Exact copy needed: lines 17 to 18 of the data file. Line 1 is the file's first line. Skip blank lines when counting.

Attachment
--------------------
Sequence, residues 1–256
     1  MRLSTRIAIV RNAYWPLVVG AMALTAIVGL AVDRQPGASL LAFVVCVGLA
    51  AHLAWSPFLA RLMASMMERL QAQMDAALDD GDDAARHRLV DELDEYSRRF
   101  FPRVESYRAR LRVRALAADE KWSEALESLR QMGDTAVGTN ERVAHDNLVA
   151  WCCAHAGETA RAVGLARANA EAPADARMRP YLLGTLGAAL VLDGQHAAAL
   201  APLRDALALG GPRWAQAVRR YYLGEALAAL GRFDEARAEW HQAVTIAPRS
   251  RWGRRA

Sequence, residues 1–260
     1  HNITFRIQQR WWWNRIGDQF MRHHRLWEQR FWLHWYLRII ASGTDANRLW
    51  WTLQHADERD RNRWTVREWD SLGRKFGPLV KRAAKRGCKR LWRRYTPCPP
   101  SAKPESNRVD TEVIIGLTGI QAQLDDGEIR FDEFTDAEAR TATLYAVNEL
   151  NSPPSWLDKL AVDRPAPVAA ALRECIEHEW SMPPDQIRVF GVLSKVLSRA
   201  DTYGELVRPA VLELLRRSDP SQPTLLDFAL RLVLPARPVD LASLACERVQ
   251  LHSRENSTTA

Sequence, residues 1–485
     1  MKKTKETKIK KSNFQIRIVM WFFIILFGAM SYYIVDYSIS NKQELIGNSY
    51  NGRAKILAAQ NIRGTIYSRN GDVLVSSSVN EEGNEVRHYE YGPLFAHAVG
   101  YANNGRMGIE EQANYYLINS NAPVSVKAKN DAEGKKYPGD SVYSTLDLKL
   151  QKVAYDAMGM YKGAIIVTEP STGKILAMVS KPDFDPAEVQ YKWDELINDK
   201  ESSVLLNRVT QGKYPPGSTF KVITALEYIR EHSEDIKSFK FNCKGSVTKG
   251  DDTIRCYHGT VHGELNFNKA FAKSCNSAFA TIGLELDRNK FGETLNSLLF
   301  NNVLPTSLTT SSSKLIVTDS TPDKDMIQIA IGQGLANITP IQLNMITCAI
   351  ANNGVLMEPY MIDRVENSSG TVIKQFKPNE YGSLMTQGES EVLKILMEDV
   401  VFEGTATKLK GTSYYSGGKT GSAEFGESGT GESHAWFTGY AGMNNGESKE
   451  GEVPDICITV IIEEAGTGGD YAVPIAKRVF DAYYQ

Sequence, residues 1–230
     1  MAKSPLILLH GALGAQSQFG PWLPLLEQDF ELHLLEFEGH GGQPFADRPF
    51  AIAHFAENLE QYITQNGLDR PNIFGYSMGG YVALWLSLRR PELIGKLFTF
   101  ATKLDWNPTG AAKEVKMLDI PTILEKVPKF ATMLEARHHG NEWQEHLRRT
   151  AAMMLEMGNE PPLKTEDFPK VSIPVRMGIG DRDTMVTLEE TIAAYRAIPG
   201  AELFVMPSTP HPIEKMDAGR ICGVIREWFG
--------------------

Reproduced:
    51  NGRAKILAAQ NIRGTIYSRN GDVLVSSSVN EEGNEVRHYE YGPLFAHAVG
   101  YANNGRMGIE EQANYYLINS NAPVSVKAKN DAEGKKYPGD SVYSTLDLKL